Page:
Jose Reyes is headed back to where his career started: New York.

The Mets announced Saturday they signed Reyes to a minor league contract and that he will report to the Brooklyn Cyclones Sunday, per USA Today‘s Bob NightengaleNewsday‘s Marc Carig provided comments from New York general manager Sandy Alderson and Reyes:

Alderson told reporters Reyes will play third base on Sunday.

Reyes has not played in the big leagues in 2016 after he was suspended without pay through May 31—which cost him 52 games and $7.06 million, per Jeff Passan of Yahoo Sports—for violating Major League Baseball’s domestic violence policy.

Reyes was arrested in November and charged with abuse of a family and/or household member, per a Maui Police Department report (via’s Thomas Harding).

The report noted Reyes and his wife got into an argument at a hotel in Hawaii that “turned physical and resulted in injuries. Mrs. Reyes was treated by medics at the scene and later transported to the Maui Memorial Medical Center for further treatment.”

Reyes had a trial set for April, but the charges were dropped when his wife did not cooperate with prosecutors, according to the Associated Press (h/t Patrick Saunders of the Denver Post).

The Colorado Rockies, who acquired Reyes from the Toronto Blue Jays last July, designated the 33-year-old for assignment June 15 after he was reinstated from the restricted list following a nine-game rehab stint in Triple-A.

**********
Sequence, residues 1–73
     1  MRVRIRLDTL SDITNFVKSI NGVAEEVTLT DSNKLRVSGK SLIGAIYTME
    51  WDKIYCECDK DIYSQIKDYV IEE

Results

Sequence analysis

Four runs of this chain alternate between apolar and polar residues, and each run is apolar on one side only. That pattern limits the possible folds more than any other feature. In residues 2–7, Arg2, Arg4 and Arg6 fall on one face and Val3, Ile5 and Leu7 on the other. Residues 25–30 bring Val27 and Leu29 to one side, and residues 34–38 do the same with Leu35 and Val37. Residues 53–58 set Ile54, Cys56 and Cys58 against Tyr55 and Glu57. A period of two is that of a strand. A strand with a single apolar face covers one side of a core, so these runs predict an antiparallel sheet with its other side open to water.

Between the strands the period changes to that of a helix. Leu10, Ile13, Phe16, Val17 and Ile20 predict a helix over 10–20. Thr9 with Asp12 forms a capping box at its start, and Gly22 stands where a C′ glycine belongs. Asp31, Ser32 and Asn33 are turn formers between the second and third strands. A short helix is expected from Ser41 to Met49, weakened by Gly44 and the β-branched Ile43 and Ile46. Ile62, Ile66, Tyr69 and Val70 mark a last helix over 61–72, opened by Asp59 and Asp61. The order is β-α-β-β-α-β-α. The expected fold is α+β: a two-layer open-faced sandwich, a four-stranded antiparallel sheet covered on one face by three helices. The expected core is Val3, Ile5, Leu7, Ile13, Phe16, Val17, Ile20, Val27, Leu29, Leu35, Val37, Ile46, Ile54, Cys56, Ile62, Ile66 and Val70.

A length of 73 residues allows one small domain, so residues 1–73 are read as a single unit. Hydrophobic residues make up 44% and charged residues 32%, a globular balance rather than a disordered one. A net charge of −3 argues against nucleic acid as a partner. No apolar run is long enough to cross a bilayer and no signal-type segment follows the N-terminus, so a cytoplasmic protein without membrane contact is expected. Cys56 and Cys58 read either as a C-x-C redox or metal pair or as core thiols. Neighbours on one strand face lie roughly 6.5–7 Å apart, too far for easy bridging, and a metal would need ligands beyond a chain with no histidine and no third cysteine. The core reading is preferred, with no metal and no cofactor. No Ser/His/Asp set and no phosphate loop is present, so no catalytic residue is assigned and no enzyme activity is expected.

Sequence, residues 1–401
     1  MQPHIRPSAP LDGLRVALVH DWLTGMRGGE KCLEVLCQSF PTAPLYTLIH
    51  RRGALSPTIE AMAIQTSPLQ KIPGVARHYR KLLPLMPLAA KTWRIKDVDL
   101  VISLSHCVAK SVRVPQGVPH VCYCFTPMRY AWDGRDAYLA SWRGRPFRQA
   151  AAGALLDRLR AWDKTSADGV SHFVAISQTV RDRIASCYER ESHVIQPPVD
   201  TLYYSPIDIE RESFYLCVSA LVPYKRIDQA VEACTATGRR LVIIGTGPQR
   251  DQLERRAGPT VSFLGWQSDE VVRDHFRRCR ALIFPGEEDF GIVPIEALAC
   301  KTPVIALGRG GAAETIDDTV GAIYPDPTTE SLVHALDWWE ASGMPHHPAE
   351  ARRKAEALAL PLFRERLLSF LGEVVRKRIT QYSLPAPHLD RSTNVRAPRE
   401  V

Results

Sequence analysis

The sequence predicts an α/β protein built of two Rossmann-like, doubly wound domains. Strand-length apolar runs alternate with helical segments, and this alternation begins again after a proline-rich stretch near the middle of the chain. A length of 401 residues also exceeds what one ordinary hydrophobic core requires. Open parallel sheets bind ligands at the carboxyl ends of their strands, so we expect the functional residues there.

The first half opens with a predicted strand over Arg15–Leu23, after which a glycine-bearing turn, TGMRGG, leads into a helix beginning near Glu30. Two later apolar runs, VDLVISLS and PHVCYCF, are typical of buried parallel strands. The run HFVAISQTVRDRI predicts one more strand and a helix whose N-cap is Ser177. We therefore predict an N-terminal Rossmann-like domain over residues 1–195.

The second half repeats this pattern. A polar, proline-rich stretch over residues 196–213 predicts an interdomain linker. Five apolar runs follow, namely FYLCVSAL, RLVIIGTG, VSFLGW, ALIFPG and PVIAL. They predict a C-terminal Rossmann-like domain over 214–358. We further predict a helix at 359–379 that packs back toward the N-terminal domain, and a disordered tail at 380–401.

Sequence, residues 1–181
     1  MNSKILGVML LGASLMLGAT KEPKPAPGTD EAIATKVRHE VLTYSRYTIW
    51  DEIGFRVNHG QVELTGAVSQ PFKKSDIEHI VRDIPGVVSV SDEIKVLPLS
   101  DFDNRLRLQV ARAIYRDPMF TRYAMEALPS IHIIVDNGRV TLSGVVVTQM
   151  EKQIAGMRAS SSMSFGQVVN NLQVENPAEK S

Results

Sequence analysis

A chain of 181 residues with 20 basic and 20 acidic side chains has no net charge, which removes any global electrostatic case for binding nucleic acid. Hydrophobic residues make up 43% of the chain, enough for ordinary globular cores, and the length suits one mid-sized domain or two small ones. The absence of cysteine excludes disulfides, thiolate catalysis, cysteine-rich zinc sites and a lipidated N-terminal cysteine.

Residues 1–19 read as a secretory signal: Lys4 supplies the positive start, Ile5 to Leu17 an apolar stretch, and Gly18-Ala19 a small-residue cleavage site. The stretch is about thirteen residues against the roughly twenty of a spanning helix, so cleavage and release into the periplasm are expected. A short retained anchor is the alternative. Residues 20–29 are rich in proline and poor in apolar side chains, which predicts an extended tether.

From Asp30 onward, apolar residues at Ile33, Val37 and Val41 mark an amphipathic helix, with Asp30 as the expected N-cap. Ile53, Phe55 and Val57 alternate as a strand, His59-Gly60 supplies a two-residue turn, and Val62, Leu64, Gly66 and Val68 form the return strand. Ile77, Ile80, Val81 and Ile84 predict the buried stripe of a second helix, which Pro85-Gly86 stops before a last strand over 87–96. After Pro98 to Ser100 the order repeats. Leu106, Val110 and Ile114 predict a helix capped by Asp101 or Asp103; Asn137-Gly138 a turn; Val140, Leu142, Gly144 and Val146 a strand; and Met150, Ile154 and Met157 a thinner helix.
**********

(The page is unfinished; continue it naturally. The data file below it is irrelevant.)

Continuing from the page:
Rockies general manager Jeff Bridich told Harding the team “determined that it was best we part ways—best for the direction of the organization, best for what was going on in the clubhouse and best for Jose.”

Reyes was with the Mets from 2003-11, playing in four All-Star Games and winning the National League batting title in his final season with a .337 average.

His injury history and age make it unlikely he’ll be that kind of player again, but New York needed to bolster its offense, which ranks 28th in the majors in runs scored.

The Mets have a pitching staff capable of carrying them deep into October, but their offense has not held up its end of the bargain despite accounting for 74.3 percent of a $135.2 million payroll, per Cot’s Baseball Contracts.

Reyes wouldn’t be expected to carry the lineup if he is called up to the majors, but his ability to put the ball in play and his speed on the bases could help New York challenge the first-place Washington Nationals in the NL East.

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